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Thread: Z77 Pro4-M - new INF driver update?




  1. #21
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    Default Re: Z77 Pro4-M - new INF driver update?

    Whooooosh! That's the sound of what most of what you guys said going right over my head but I sort of get the gist of the pros and cons. Right now the ASR RAM drive I created is 3 GB with 1.5 GB being automatically allocated to the pagefile. So far I haven't noticed any adverse effects (other than a couple of small anomolies) of running the RAM drive but conversely I'm not aware of any noticable advantage.

    One of the main reasons I decided to experiment with having a RAM drive was parsec's mention of a lot of SSD user's paranoia about reducing the amount of writes to the SSD in order to increase longevity. Being new to SSDs, and given the relative price difference between SSDs and traditional platter HDDs, I assumed that the RAM drive option would be advantageous in achieving a longer life span for my SSD. Although I obviously don't understand (yet) a lot of Syn's objection to using RAM for RAM (is that right?) I do see that there are some potentially adverse effects of using a RAM drive. This is especially true of his mention of DLL preloads (again, no idea what that means) relative to MS Office which I will be using.

    I'm just now ordering another 8 GB of DDR3 SDRAM ($34 - can't believe how inexpensive it's getting!) which will up my total to 16 GB. I wil then re-evaluate whether to use the RAM drive option.

    Syn, as both parsec and profJim are aware, I suffer from BCD (Brain Cell Depletion) which is triggered by an overload of new information. This condition has mysteriously accelerated since I built this new system but this type of discussion is well worth the loss of few hundred thousand BCs.
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  2. #22
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    Default Re: Z77 Pro4-M - new INF driver update?

    LOL.. I only have a few BCs left, so I need to be cautious of my info intake. :)

    Just to clear up a few points, and hopefully not too technical.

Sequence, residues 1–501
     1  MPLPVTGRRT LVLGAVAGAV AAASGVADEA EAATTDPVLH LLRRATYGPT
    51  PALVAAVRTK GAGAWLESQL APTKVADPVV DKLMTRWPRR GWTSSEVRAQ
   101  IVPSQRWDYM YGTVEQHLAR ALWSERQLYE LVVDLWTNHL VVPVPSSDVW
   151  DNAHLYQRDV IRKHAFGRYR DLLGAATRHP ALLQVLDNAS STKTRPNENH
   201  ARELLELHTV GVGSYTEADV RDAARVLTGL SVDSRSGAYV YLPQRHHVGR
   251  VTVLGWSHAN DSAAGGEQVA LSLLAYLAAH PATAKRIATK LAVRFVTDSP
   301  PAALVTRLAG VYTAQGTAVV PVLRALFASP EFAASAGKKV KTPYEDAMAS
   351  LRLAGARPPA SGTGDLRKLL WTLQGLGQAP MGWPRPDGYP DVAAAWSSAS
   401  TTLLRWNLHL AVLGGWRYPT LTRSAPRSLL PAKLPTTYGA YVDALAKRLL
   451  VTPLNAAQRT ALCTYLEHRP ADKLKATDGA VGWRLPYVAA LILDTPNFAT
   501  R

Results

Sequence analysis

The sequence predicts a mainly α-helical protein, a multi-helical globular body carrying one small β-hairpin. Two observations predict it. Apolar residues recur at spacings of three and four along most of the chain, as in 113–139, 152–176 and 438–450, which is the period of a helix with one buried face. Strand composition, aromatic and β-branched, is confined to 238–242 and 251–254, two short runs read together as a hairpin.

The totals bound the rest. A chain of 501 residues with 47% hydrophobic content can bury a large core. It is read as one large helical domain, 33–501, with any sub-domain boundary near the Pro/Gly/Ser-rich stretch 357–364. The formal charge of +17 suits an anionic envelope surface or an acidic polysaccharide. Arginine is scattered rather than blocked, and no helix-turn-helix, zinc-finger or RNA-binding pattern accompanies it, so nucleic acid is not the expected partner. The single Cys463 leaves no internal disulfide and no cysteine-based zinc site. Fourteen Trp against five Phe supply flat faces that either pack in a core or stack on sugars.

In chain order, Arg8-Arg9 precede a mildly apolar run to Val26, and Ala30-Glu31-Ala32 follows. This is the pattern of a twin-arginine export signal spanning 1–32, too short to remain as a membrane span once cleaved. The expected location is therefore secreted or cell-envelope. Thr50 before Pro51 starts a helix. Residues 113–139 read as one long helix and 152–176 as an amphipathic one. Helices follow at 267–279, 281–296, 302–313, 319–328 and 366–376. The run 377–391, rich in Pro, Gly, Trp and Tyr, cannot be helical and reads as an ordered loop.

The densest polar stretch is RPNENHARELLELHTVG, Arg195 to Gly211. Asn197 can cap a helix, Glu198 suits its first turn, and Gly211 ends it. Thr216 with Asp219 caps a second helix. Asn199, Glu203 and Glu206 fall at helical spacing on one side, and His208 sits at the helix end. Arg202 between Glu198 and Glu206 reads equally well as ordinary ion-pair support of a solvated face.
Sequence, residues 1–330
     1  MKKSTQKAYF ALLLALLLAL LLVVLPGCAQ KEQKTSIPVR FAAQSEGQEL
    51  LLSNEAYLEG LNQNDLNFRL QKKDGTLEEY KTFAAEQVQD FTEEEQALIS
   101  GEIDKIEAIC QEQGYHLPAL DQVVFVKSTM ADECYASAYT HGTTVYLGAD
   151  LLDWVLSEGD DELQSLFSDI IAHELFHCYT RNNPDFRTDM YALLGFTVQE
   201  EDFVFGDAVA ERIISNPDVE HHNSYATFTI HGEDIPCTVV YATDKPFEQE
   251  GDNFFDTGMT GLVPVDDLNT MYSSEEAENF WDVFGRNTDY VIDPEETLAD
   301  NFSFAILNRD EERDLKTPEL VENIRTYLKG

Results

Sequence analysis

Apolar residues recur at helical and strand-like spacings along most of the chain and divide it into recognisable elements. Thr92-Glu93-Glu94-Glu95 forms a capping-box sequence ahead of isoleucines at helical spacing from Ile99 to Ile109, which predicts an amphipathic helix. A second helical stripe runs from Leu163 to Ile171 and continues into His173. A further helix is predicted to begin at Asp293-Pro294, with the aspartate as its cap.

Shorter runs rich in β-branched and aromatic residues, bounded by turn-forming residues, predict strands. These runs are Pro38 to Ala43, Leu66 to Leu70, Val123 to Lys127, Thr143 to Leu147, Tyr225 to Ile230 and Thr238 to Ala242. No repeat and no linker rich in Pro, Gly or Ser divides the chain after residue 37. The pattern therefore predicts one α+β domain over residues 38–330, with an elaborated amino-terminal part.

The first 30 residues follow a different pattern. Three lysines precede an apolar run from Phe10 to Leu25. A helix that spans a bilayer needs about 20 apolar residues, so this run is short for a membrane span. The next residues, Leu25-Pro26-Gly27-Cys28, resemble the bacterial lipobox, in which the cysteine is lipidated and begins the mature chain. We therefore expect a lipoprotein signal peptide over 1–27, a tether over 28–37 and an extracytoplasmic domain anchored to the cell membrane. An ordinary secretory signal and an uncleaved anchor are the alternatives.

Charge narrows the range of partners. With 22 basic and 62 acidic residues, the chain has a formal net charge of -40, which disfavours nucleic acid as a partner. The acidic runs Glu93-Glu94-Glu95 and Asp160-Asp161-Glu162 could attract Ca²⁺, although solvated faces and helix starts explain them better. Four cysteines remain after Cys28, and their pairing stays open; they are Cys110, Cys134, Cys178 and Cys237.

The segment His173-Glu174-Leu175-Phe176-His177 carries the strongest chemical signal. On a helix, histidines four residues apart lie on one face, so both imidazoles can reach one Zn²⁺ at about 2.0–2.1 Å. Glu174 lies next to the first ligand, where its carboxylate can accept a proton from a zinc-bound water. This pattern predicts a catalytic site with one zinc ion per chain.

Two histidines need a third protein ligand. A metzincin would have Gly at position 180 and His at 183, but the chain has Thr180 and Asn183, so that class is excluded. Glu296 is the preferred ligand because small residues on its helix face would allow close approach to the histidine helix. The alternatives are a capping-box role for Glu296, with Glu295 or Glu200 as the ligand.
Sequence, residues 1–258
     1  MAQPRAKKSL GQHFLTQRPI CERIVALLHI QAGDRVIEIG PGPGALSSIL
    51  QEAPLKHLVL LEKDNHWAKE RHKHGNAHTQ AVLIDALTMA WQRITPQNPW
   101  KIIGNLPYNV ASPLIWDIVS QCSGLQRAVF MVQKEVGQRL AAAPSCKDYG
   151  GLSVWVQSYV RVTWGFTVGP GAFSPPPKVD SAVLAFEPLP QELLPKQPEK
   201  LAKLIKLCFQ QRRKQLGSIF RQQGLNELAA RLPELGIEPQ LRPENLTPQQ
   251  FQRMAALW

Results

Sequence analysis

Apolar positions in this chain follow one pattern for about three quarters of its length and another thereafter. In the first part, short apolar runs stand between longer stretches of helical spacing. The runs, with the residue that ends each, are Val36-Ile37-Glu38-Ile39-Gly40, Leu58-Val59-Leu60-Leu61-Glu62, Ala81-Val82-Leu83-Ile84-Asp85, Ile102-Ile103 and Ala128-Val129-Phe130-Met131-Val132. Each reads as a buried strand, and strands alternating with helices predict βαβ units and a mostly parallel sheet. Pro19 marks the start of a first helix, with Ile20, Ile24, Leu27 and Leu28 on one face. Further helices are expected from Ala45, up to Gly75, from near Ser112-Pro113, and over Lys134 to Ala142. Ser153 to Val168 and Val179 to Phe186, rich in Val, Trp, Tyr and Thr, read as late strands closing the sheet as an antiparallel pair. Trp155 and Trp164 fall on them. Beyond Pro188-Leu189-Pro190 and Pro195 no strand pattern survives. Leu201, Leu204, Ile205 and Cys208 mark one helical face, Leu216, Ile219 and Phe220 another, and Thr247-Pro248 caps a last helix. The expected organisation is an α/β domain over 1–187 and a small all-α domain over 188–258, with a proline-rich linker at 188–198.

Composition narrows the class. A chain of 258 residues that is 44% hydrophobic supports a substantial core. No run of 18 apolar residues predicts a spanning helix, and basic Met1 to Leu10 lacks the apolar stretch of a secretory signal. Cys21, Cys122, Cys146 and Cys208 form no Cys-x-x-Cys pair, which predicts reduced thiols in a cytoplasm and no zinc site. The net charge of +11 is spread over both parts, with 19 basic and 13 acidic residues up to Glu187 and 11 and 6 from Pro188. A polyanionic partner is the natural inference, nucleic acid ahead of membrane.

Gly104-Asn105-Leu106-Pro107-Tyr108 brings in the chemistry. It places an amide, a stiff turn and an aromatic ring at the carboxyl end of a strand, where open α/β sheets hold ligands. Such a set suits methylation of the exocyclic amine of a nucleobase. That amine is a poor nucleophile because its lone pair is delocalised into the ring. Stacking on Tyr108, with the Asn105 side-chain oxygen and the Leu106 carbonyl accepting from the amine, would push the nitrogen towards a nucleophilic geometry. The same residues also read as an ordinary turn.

RAM drives = Good.
    Faster "disk" access is always good. Not good if it causes memory contention and the system needs to page in/out.

    Page file = Bad for performance, Good for one off situations. Like an insurance for your RAM. Insurance that comes at a cost of performance. The more you need it, the more it costs.

    Page file on RAM drives = Bad, mostly
    It does have the benefit of reducing disk accesses on the SSD.

    Preloads/caching = Generally good.
    Most modern operating systems allow you to preload into memory and cache dynamic stuff like DLLs, files etc. This comes as a cost to RAM, but the performance to cost ratio is normally worth it. preloads however cause issues where memory is short. That is because when memory is short, the page file is required, and that is bad.

    Context switching
    This is something that is required due to multitasking operating systems. When a processor is working on one thread, it is in that "context" when it switches to another process it switches to that context. Windows "virtually" allocates RAM (4GB for 32bit process, 8TB for 64bit processes) which get mapped to physical RAM in "pages." When memory contention is high, least active pages get sent to swap. Now think about a really busy multitasking system that switches between processes and is forced to swap in and out "pages" based on what is the current context... which is why I say "yikes"

    If you have ever run out of RAM on a busy system and see the hard drive light pinned? that's what's happening. page "faults" (fault means that the page was not in ram when required and the memory manager needs to possibly free a chunk of RAM and swap in the required page from "disk".) combined with context switches when memory is low will kill any system.

    When a RAM drive on Windows allocates a chunk of memory (say 4GB) it is not available for other applications or the system to use. Less memory = greater need for swap file (see swap file = bad above)
    Once swap is required the system needs to page out from RAM, to the RAM drive (which is RAM...) so that is cycles lost to redundancy.

    And it appears the way the RAM drive was architected, that you could potentially get into the situation where you swap out the RAM drive to the swap file on the RAM drive...(swap ram to ram drive to ram drive to ram drive etc...) which will immediately crash your system.
    It's all a cyclic redundancy that should be in my opinion avoided.

    So as long as your Memory is larger than you need, and the RAM drive is sized appropriately, it is a good solution.
    Making the RAM drive too big, with the page file on it, is asking for trouble.

    I'm not a RAM drive hater, I use one built into Linux. That one however does not pre-allocate all the RAM (if only 15k of files are on it, it's only 15k large), it's only mapped to "temp folders" and no swap files are on it (actually I don't run a swap file at all)

    Final thought: You will gain more performance letting the system do "it's thing" by preloading and caching, than you will by adding in another layer of complexity. As long as you realize that the RAM drive is not a performance enhancer but simply a tool to fix a problem (like eliminate SSD accesses for swap) or have a fast temp download place (lolz at parsec, you do know that files are cached in memory right? except maybe really big ones).
    It does not speed up the system as whole, and has a very real risk of actually slowing it down if not implemented carefully.